Forest Swords, the project of English
electronic dubstep artist
Matthew Barnes, debuted with the EP
Dagger Paths (No Pain In Pop, 2010).
Miarches is an ecosystem in evolution, as the jarring digital soundscape
with stuttering beats and bursts of effeminate vocals, gives rise to an anthemic guitar riff.
The reliance on a sloppy lo-fi slocore production and on a collage-srt of
composition is even more evident in the
eight-minute Hoylake Misst whose hypnotic guitar riff succumbs to
shamanic voices, burbling sound effects,
voodoo drums that get increasingly booming,
and grotesque trombone-like electronic melodies.
On the other hand,
Visits is the dubstep equivalent of a garage-rock rave-up,
all muffled and slowed down.
At the other (liquefied) end of the spectrum
Glory Gongs exhales
spaghetti-western licks in an orgy of acid reverbs.
Engravings (Tri Angle, 2013) is a vastly more cinematic work.
Ljoss pivots around a Ennio Morricone-style spaghetti-western theme. The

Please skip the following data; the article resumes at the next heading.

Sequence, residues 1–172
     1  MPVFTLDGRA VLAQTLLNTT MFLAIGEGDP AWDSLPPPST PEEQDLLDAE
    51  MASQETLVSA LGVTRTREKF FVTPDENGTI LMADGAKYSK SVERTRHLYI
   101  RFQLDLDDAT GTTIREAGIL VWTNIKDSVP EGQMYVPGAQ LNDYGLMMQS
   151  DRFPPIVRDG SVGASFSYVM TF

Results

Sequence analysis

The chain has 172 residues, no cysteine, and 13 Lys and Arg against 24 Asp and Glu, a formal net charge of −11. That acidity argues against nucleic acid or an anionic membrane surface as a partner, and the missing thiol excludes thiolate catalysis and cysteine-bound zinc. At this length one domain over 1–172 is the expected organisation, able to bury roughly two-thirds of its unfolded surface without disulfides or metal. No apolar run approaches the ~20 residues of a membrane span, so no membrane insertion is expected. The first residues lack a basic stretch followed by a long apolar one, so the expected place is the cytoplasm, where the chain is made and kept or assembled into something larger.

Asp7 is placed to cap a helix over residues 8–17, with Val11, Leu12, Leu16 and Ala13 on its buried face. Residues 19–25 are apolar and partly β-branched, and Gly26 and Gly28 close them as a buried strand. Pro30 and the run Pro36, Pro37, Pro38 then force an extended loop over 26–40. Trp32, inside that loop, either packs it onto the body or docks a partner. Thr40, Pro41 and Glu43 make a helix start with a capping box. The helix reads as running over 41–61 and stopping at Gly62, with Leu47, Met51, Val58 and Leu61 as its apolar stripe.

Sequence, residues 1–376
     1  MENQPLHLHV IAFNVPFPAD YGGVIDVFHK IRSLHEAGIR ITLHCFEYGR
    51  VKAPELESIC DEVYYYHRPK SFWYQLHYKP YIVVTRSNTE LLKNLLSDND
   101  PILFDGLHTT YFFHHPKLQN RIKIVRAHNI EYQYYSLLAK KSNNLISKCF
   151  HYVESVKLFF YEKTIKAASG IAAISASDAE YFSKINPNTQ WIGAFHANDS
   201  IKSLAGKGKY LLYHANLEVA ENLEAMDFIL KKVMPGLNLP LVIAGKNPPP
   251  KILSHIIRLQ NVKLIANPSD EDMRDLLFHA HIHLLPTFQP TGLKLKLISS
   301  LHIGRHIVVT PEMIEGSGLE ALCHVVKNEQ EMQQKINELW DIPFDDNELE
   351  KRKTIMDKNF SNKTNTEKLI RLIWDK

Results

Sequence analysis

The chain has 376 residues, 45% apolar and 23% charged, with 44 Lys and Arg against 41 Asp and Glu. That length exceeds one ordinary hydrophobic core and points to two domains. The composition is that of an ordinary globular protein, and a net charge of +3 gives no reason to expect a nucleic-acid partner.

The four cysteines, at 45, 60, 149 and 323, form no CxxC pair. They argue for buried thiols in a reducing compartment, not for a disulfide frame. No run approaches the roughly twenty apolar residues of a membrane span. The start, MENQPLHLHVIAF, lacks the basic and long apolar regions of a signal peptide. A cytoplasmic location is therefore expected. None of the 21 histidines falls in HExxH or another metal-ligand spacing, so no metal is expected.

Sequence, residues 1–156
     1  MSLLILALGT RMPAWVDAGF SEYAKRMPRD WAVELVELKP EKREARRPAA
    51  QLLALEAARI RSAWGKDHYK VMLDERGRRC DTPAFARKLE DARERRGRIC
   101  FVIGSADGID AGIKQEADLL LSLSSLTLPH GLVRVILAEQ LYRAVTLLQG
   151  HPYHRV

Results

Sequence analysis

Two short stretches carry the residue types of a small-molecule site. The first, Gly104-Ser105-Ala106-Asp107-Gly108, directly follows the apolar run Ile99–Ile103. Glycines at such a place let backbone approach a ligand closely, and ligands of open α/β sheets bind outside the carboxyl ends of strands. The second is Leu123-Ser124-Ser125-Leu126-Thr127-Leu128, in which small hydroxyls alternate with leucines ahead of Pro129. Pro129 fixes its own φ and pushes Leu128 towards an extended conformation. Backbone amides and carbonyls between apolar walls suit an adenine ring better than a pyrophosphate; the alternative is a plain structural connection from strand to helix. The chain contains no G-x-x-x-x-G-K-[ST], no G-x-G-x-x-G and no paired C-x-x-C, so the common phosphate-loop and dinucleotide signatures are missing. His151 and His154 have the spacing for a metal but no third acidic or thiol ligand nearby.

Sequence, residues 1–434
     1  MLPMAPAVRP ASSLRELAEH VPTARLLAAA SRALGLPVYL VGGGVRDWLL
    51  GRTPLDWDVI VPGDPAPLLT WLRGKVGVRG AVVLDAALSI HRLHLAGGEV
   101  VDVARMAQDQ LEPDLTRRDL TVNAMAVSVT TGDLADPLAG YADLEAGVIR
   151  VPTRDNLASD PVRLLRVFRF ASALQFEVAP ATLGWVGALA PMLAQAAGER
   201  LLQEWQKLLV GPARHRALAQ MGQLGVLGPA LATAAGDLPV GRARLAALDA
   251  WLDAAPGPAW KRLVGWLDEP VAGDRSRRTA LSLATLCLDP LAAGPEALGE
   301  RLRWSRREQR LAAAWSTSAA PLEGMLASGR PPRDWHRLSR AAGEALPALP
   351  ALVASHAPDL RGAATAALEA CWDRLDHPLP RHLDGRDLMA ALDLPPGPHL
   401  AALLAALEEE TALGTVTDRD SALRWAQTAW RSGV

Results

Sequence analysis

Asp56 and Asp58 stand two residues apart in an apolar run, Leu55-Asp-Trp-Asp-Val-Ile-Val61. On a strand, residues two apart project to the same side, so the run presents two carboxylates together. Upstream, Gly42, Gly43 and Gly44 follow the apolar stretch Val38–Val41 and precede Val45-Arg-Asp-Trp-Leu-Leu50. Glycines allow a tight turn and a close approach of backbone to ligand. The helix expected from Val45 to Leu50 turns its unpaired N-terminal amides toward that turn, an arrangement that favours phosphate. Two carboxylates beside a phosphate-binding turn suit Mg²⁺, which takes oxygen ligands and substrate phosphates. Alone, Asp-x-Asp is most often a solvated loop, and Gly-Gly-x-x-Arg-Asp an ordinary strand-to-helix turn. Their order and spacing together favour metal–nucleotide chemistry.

multi-exotic fantasia Thor's Stone harks back to the "transglobal dance" movement of the 1990s (Transglobal Underground, Loop Guru, Banco De Gaia, TUU).
The film-noir soundtracks of the 1960s reawaken in Irby Tremor, merely
coupled with a pulsating funk line.
Some of the "fusion" experiments are cute, like
The Weight of Gold:
Chinese-tinged zither melody, gloomy voodoo drumbeat and dub psychedelia.
But too many ideas, while intriguing, don't seem fulfilled, from the
vocal puzzle of Gathering to the
shamanic invocation The Plumes.
It takes forever for Onward to get started, and, when it does, it simply
hums a romantic melody. Closer Friend You Will Never Learn is a
nostalgic Afro-dub adagio that perhaps summarizes Barnes' retro philosophy.
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